Like Father, like Son: Dressing By the Numbers

The Coryells at Thanksgiving, 1948. NSHS RG2183-1948-112-6-1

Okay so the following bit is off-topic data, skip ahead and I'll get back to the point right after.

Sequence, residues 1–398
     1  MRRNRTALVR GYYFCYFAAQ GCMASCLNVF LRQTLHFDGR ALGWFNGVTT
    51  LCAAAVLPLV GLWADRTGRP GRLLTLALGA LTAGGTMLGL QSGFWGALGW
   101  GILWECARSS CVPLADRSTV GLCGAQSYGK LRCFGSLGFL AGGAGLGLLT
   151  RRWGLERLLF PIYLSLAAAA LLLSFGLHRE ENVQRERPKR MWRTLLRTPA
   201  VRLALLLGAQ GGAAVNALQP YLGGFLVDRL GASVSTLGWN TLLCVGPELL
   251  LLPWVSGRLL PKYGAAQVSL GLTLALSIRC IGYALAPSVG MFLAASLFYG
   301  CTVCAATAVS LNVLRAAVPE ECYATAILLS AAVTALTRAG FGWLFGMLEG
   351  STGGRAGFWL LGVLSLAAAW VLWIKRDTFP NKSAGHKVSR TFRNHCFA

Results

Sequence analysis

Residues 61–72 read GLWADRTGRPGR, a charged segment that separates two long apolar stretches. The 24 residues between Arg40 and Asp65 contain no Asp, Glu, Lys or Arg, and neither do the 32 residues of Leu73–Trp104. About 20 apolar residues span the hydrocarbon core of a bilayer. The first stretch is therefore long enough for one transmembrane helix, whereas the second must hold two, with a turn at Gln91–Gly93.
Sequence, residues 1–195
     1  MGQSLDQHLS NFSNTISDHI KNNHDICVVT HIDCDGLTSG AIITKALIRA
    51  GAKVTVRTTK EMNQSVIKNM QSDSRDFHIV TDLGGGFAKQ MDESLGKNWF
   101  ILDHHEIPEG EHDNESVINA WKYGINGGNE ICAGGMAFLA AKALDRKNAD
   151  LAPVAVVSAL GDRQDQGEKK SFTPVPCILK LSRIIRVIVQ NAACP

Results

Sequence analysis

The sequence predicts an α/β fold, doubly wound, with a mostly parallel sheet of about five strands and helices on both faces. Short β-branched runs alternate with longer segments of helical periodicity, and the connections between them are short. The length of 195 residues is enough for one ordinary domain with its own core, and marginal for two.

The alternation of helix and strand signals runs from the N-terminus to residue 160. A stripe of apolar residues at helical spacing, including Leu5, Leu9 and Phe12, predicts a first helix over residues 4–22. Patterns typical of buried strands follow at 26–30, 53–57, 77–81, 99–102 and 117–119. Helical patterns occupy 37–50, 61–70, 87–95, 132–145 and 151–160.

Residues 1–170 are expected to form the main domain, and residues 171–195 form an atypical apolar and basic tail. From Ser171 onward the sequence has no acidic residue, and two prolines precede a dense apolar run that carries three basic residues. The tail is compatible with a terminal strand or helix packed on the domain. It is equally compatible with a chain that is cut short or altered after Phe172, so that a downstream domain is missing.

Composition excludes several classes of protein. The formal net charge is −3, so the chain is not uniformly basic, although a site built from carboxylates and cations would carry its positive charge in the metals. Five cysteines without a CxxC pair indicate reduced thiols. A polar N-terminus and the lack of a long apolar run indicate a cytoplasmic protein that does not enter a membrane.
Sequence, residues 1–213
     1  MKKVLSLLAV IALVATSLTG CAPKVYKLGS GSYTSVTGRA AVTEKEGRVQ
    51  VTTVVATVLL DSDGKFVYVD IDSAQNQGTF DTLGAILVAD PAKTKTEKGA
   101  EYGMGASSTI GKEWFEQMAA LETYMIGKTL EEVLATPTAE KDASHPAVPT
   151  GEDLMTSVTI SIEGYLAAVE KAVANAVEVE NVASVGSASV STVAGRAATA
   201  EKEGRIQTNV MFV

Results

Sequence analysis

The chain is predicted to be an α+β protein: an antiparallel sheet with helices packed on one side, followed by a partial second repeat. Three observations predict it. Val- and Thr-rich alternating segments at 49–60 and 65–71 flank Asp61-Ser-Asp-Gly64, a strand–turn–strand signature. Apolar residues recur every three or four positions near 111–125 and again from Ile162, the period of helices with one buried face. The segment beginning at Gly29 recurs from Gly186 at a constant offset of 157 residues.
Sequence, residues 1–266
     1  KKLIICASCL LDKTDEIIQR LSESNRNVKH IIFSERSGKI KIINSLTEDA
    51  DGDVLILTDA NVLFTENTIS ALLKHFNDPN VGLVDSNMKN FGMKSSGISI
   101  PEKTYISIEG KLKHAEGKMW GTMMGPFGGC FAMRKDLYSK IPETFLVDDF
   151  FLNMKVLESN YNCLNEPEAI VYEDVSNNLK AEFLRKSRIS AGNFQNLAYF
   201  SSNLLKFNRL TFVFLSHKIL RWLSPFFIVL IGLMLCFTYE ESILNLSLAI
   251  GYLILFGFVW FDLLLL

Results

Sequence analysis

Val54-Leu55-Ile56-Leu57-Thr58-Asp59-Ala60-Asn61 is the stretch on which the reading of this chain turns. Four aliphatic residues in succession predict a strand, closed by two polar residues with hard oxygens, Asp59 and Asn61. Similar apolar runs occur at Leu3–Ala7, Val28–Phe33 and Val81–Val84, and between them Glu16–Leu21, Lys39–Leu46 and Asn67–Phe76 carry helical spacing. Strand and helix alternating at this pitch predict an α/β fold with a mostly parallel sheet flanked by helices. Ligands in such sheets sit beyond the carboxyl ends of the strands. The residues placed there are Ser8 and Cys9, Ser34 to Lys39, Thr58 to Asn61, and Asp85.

The Coryells were a prominent Lincoln family with roots in Nemaha County. Perhaps some of you have visited Coryell Park near Brock, which the family created and opened to the public. Levi Leland Coryell Sr. and his son, Levi Leland Jr., became successful in the real estate and oil business. But that’s not why they qualify for the list of Nebraska’s strange stories and amazing facts. As the story goes, when Junior was an infant, Leland Senior built a playpen in his office and started taking Junior to work with him. When Junior began school, the elder Coryell moved his office to be near the school. Junior dropped in on his way to school and at recess. He and his father lunched together. When Junior graduated, he was made a full business partner. Either he or his father could make business decisions and spend money from the common account without approval from each other. This close relationship soon extended to the way the father and son dressed. One day Junior went to get a new suit and took his father along. Junior picked out a suit, and Senior said he’d take one just like it. The next time Junior wanted a tie, he bought two alike and gave one to his father. Gradually their entire wardrobes became duplicates. Whichever one got up first in the morning would call the other and say, “I’m wearing the 33 suit, the 7 tie, and the 37 shoes.” The numbers were arranged for convenience so they wouldn’t have to describe anything. In the 1930s and 1940s, father and son lived across the street from one another, Senior at 2850 Sheridan Boulevard and Junior at 2901 Stratford Ave. It is said that one staff of servants served both houses. One week the families dined at Senior’s and the next week at Junior’s. I can’t be sure that claim is true, but there is evidence of their sartorial duplication in a photograph from the Macdonald Collection at the Nebraska State Historical Society. It shows a Coryell Thanksgiving with father and son attired in the uniform of the day. After their deaths, both father and son were laid to rest in the family mausoleum at Coryell Park. — James E. Potter, Senior Research Historian

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